Tele-partial-collaboration for in-class collaboration
Hisae Matsui Princeton University
Hisae Matsui is a lecturer in the Department of East Asian Studies at Princeton University. She received her Ed.D. in Technology Education and M.A. in TESOL/Linguistics from West Virginia University (USA). At Princeton University, she has been teaching Japanese language from elementary to advanced levels.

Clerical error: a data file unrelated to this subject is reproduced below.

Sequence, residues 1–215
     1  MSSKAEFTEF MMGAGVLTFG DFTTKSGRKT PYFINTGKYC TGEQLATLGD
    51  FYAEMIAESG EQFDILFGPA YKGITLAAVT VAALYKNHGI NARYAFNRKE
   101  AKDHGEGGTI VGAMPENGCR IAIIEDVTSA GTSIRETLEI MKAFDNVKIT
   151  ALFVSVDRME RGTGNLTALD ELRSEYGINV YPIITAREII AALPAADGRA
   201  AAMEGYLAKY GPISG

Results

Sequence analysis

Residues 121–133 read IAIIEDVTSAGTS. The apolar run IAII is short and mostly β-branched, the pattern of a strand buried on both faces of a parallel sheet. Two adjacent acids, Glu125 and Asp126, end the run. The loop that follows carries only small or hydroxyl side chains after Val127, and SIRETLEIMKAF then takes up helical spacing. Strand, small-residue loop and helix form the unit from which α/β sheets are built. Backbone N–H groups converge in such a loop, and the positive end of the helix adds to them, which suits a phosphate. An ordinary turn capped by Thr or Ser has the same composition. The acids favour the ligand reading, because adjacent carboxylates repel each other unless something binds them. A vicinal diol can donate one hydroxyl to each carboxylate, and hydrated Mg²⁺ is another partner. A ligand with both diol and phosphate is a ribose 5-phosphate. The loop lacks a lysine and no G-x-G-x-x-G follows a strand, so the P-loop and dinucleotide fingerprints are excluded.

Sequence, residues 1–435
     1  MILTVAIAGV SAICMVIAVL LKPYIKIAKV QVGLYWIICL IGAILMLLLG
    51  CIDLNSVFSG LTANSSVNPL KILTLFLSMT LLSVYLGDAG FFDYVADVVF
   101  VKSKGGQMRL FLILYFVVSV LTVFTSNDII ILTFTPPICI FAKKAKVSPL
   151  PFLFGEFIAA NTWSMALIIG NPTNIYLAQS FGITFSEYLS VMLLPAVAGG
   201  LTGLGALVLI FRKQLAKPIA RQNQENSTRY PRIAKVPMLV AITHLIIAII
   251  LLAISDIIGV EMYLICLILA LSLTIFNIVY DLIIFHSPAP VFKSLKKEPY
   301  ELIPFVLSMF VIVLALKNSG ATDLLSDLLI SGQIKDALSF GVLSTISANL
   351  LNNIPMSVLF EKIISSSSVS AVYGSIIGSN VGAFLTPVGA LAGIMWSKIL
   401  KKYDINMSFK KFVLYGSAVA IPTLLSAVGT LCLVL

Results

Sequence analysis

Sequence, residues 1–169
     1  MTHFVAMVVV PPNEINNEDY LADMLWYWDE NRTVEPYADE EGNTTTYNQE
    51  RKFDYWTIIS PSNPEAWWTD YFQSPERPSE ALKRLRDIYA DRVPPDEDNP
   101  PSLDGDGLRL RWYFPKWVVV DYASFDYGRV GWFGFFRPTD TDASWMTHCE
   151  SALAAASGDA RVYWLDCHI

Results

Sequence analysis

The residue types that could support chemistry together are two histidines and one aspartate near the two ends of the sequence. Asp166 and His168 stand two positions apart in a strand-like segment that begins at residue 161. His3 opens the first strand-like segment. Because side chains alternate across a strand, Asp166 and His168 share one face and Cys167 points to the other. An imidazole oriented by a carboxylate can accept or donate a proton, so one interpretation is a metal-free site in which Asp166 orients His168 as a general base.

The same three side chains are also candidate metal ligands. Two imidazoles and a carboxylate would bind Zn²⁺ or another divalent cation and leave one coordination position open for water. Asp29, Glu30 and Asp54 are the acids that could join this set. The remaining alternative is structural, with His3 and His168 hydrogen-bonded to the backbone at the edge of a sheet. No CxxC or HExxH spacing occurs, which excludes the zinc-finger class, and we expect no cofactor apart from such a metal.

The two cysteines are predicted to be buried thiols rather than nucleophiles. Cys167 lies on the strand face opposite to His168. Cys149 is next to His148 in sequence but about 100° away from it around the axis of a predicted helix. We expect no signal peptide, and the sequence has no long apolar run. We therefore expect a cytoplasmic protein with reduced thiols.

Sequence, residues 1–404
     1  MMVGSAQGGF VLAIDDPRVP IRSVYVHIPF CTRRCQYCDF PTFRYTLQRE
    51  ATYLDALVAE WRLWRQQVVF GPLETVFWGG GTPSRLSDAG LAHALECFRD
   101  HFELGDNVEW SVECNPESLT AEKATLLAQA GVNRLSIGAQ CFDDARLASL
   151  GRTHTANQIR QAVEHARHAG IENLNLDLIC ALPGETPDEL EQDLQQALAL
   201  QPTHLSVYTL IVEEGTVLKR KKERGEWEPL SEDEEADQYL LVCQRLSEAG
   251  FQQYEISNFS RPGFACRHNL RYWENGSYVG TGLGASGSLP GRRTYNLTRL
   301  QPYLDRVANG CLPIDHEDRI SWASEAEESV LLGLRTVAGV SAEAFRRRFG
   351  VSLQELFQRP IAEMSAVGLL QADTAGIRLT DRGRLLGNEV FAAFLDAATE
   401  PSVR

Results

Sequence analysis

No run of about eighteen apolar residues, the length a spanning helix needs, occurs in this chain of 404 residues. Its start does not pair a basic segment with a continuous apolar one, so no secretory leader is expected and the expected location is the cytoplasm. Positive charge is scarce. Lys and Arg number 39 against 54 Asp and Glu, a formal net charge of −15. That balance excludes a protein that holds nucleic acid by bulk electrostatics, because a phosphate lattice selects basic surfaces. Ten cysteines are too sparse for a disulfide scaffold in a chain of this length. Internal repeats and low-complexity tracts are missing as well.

As information technology has advanced rapidly, telecollaboration has become much more common practice compared to it’s infancy period decades ago. Although there are some studies for telecollaborative projects involving different disciplines, the majority of the projects involve two-language classrooms. Communicating with native speakers and learning their opinions is undeniably a valuable experience for students; however, these crucial learning opportunities may not be assimilated by students and end up with mere novel experiences if the project was cut off from the main curriculum. In this presentation, one form of integration of telecollaboration with collaborators from a different discipline into a semester long class project will be presented. Students in a third-year Japanese class in an American university worked in groups for their class project: digital storytelling. During the process, the students had opportunities to ask questions to students from a Japanese university in a closed group on Facebook. These opinions were then used as puzzle pieces to complete their final products. The presenters will also share how these puzzle pieces fit in their final products by showing examples, and reflections from students. Finally, the presenters will suggest a tele-partial-collaboration for in-class collaboration to inspire audiences to utilize telecollaboration creatively.